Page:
NASA

Posted by ted

(This is a guest post by Ted, the third in a series of three posts from Houston, Texas.)

Rob, on bended knee, proposing to Shawna in the NASA Johnson Space Center in Houston

When Hole in the Clouds sent me to Houston as a travel correspondent, the timing couldn't have been more perfect; my business associate Robert Fox happened to be getting married in Houston that very same weekend. 

The wedding chapter of Rob and Shawna's story begins back in the winter of 2013,  at the NASA Johnson Space Center. The two of them had flown from their home in D.C. to Texas, to spend some time with Shawna's parents. Unbeknownst to Shawna, Rob had been carrying a ring around in his pocket for the past few days.

At the space center, Shawna found a cool rocket and set up her camera on a timer, the way tourists do. But when she came back to pose for the snapshot, Rob dropped to his knee. The surprise on her face in the picture above was genuine.

This past Saturday they were married in Texas, in a wedding with a theme. The theme was brunch.

Shawna is a senior producer for NBC's Meet the Press, and there were lots of Washington media types at the wedding, including some of NBC's White House producers. This is how they party:

You can take the producer out of Washington

To help the media types feel at home during the moments between their tweets and e-mails, there was a newspaper for them to read, The Brunch In Love Dispatch (Hot Topic: "Washington, DC, Couple Weds in Texas"), with little NBC logos on each page.

The proposal was in Texas. The wedding was in Texas. According to the Brunch In Love Dispatch, the bride is "a Texas girl with the tattoo to prove it."

And yes, the bride wore cowgirl boots.

The bride, Shawna Thomas, in cowgirl boots!

Posted by Ellen

It's not hard to remember the excitement of those days fifty or so years ago when the teacher would tell us to pick up our chairs and form a line at the classroom door. We would all carry our chairs down the hall from the classroom to the school's "all-purpose room," where we could sit facing a big black-and-white TV set at the front of the room to watch those guys at NASA choreograph a countdown and a liftoff and all the other amazements that were part of America's new space program.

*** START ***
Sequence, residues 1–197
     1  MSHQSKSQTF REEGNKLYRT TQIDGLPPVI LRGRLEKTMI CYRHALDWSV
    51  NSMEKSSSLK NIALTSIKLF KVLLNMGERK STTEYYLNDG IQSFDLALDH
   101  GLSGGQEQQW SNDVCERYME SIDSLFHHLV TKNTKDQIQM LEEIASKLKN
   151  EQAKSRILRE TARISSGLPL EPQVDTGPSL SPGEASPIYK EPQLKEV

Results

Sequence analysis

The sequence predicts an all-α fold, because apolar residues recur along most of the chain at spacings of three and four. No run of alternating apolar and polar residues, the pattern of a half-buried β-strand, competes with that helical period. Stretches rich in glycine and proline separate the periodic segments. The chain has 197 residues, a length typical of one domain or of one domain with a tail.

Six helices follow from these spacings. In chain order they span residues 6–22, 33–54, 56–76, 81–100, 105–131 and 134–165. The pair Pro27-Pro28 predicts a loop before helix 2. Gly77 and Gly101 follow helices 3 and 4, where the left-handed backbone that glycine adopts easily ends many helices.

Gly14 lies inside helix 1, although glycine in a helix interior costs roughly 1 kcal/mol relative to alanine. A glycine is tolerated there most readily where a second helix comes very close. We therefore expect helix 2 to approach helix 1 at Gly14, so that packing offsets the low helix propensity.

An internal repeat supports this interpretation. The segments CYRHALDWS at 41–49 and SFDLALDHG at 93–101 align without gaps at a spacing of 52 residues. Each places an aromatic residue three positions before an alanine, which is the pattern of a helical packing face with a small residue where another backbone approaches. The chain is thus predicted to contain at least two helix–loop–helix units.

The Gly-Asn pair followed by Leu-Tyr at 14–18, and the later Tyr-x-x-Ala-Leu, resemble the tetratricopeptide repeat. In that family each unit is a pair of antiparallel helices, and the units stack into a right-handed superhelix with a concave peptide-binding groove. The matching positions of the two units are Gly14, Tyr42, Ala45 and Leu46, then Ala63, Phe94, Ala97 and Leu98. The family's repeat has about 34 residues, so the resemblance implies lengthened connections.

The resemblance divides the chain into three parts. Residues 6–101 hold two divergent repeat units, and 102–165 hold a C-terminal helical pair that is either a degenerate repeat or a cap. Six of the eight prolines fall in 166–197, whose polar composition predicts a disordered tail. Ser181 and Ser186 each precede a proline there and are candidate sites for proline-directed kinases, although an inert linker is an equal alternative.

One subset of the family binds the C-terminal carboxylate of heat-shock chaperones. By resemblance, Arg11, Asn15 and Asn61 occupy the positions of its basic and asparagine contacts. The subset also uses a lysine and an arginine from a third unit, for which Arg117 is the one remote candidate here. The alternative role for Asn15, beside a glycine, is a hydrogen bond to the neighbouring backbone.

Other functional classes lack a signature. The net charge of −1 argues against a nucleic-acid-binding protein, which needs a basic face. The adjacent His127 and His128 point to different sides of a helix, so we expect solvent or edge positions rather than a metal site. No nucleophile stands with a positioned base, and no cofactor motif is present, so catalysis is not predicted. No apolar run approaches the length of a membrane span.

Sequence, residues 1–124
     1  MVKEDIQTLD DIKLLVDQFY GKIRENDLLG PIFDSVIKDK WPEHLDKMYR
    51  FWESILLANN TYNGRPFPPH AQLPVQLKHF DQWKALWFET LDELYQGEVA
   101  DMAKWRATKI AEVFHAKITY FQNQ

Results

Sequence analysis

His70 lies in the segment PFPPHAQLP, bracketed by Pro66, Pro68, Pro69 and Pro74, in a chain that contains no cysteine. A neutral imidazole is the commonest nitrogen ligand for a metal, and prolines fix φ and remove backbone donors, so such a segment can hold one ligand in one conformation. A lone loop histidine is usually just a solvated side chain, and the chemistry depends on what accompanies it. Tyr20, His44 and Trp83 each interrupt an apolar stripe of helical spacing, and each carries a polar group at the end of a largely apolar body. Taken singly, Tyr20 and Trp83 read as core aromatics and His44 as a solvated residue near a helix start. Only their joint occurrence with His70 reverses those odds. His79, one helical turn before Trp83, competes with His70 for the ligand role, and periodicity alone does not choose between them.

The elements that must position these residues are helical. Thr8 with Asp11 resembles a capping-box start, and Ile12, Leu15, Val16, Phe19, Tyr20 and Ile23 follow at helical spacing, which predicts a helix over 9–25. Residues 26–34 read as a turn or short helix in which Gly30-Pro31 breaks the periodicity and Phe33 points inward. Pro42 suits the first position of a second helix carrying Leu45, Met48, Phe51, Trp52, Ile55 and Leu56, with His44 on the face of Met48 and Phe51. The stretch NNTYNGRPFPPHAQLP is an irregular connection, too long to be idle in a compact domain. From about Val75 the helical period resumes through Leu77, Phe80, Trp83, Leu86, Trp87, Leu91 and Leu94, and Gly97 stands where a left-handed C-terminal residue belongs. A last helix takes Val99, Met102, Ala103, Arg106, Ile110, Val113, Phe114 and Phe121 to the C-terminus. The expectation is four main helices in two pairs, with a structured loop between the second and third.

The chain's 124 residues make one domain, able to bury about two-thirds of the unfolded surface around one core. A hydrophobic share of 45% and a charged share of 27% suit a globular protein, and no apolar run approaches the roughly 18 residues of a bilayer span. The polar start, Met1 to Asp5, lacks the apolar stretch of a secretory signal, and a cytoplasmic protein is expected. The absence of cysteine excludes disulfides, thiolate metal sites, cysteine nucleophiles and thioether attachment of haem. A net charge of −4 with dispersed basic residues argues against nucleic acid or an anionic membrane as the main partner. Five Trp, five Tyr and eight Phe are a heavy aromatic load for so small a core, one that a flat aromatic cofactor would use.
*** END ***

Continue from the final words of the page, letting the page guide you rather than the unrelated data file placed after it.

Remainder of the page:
Today, it's hard to figure out exactly what NASA is up to in outer space. There seem to still be astronauts, but it appears that we now rely on the Russians to do that whole countdown-liftoff thing. Americans mostly look at pictures from faraway cameras.

From Ted in Washington, D.C., comes this photo of a sign of the times for NASA and perhaps the grand American dream: a NASA message held in place by a bicycle chain and a couple of sacks of Quikrete. The NASA folks may not be zipping around in space these days as much as they used to, but their public website is freshly launched, or rather relaunched on a freshened, open-source, space-age sort of platform, saving us taxpayers millions in licensing and maintenance costs. For this, we can thank our Ted and his Inner File, the little company that could.

Do people still have hot dogs and watermelon for the Fourth? Hope so.